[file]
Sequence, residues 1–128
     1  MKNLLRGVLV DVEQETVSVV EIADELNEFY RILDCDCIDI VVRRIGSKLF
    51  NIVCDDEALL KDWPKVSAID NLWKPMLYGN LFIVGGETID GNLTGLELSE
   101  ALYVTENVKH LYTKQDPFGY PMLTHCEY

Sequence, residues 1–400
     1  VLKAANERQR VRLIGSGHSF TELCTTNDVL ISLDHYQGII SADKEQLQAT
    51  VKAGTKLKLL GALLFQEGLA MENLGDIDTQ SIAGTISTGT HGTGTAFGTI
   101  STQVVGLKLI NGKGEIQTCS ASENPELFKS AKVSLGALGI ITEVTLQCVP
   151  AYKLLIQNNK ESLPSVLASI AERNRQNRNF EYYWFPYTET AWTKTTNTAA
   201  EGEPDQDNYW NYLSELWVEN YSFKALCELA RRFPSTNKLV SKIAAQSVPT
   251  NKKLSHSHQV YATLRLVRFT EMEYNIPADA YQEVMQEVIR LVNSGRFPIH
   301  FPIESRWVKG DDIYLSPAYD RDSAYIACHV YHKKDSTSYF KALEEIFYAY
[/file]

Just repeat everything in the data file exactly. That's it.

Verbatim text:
Sequence, residues 1–128
     1  MKNLLRGVLV DVEQETVSVV EIADELNEFY RILDCDCIDI VVRRIGSKLF
    51  NIVCDDEALL KDWPKVSAID NLWKPMLYGN LFIVGGETID GNLTGLELSE
   101  ALYVTENVKH LYTKQDPFGY PMLTHCEY

Sequence, residues 1–400
     1  VLKAANERQR VRLIGSGHSF TELCTTNDVL ISLDHYQGII SADKEQLQAT
    51  VKAGTKLKLL GALLFQEGLA MENLGDIDTQ SIAGTISTGT HGTGTAFGTI
   101  STQVVGLKLI NGKGEIQTCS ASENPELFKS AKVSLGALGI ITEVTLQCVP
   151  AYKLLIQNNK ESLPSVLASI AERNRQNRNF EYYWFPYTET AWTKTTNTAA
   201  EGEPDQDNYW NYLSELWVEN YSFKALCELA RRFPSTNKLV SKIAAQSVPT
   251  NKKLSHSHQV YATLRLVRFT EMEYNIPADA YQEVMQEVIR LVNSGRFPIH
   301  FPIESRWVKG DDIYLSPAYD RDSAYIACHV YHKKDSTSYF KALEEIFYAY